George Yin, who will teach Taxation I, Taxation II and the Tax Seminar: Exempt Organizations, is the Edwin S. Cohen Distinguished Professor of Law and Taxation at the University of Virginia, where he has taught since 1994. He was previously on the faculty at the University of Florida College of Law and has been a visiting professor at New York University Law School, the University of Pennsylvania Law School, and Brigham Young University Law School. From 2003 to 2005, Yin served as chief of staff of the U.S. Congress’ Joint Committee on Taxation, one of the most influential tax positions in the country. While at the Joint Committee, he assisted Congress on a number of tax bills, including the Jobs and Growth Tax Relief Reconciliation Act of 2003, the Working Families Tax Relief Act of 2004 and the American Jobs Creation Act of 2004.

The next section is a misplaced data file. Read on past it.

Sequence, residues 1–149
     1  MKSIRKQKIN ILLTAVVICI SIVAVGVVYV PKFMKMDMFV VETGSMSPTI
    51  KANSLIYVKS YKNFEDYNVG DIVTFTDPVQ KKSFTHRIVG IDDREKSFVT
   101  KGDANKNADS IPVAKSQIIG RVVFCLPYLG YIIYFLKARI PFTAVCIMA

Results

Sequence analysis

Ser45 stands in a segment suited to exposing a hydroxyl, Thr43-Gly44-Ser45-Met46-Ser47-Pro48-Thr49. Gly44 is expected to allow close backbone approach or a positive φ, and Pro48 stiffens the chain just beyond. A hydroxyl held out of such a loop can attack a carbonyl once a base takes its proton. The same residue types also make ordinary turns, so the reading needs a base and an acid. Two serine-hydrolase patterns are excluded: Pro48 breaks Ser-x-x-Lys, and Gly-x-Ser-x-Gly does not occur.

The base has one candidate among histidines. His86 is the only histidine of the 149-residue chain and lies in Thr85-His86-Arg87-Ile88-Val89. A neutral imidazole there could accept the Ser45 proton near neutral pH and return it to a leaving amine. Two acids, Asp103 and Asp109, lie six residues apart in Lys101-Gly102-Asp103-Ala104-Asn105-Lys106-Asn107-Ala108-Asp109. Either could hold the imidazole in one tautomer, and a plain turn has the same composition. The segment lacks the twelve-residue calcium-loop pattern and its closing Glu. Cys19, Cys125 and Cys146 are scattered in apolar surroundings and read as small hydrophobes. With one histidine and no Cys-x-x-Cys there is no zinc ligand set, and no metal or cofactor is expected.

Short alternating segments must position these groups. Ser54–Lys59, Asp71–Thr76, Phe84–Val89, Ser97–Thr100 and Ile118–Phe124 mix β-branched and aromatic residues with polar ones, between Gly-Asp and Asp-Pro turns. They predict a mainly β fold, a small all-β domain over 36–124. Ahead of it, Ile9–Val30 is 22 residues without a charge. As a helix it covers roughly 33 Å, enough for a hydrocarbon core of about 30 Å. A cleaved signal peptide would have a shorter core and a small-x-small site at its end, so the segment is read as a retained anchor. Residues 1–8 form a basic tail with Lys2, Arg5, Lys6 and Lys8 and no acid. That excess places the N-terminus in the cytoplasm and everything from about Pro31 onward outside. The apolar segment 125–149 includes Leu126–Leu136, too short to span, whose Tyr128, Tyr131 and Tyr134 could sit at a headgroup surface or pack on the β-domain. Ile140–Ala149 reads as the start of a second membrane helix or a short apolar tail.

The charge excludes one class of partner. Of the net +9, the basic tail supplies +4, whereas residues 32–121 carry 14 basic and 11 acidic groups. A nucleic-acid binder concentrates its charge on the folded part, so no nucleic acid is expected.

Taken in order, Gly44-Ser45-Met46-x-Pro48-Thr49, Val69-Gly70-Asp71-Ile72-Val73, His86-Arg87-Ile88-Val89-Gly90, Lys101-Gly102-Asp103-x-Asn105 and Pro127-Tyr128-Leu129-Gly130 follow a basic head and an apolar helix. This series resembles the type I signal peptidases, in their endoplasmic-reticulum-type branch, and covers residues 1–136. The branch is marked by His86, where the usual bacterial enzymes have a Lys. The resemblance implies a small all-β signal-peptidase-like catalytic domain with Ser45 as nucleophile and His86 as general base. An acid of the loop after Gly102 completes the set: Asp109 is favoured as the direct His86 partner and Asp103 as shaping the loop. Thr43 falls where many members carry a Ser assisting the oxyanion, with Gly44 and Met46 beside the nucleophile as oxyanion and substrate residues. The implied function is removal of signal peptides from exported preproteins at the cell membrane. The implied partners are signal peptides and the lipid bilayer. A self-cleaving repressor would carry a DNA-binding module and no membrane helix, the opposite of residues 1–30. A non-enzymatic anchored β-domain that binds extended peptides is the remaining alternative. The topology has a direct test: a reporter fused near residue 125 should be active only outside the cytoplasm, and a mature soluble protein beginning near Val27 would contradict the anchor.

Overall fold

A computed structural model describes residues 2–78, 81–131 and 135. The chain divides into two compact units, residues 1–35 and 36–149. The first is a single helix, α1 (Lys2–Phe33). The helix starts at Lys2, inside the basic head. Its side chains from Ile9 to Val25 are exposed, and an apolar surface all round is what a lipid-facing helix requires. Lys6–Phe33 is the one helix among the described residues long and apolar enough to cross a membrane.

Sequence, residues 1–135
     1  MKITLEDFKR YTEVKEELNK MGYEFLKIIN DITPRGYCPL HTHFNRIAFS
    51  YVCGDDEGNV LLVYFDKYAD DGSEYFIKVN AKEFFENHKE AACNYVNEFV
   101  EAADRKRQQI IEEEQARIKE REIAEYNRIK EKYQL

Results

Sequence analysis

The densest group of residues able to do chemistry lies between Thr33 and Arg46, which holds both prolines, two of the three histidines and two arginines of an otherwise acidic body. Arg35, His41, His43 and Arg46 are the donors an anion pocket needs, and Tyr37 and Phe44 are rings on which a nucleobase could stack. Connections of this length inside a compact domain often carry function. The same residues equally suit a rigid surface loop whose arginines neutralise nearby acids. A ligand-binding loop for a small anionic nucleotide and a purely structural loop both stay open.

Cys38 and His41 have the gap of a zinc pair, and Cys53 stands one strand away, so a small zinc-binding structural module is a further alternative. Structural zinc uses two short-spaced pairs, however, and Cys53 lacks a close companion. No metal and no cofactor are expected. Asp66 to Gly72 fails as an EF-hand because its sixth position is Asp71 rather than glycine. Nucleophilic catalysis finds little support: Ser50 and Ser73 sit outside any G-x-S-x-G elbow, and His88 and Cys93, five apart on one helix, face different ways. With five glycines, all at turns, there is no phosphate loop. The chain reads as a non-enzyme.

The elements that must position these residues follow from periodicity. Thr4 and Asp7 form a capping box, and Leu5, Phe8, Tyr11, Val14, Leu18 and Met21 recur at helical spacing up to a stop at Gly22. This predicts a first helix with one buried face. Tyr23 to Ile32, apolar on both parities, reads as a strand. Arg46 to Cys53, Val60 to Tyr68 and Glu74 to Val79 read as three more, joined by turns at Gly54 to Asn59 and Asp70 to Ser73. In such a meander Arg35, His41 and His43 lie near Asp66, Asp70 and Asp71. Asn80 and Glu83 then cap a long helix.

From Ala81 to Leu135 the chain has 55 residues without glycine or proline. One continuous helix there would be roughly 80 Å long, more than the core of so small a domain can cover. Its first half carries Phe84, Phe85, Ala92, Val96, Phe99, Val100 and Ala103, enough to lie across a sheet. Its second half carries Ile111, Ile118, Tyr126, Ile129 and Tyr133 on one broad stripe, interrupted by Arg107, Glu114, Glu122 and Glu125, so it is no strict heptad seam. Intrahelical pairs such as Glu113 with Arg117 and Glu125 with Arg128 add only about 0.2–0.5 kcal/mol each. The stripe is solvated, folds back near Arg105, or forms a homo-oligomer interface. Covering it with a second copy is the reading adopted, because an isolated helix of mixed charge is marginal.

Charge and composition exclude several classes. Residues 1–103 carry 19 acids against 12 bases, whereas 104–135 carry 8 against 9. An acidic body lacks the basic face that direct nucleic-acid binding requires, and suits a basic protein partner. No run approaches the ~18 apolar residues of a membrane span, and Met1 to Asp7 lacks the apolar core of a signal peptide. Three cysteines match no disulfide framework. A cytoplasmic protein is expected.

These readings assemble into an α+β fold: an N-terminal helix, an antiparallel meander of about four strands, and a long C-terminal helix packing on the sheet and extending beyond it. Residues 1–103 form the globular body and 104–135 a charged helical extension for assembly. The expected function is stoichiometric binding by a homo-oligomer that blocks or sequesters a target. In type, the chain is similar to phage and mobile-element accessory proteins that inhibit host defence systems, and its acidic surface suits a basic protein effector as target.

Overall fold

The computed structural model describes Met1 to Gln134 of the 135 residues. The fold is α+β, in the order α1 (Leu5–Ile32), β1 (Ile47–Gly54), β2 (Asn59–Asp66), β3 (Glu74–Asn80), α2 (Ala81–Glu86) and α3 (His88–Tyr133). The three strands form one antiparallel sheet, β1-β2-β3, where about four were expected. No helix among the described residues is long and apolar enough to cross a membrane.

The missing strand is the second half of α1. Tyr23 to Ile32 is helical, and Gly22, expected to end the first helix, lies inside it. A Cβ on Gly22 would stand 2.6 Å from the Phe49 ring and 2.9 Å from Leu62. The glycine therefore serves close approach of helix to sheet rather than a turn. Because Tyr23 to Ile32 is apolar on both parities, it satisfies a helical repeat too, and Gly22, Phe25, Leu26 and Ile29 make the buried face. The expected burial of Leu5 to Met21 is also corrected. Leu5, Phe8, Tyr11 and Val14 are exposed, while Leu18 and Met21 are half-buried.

Yin also served as tax counsel to the US. Senate Finance Committee during the mid-1980’s, where he coordinated a major project to reform and simplify the tax laws dealing with corporate-shareholder transactions, including corporate mergers, acquisitions and reorganizations. From 1994 to 1999, he was a reporter to the American Law Institute’s federal tax project concerning the income taxation of private business enterprises, such as closely held corporations, partnerships and limited liability companies. He has written extensively in the tax area, most recently on the IRS’s problems in administering the EO tax laws. Yin received a B.A. from the University of Michigan, an M.Ed. from the University of Florida, and a J.D. from George Washington University Law School.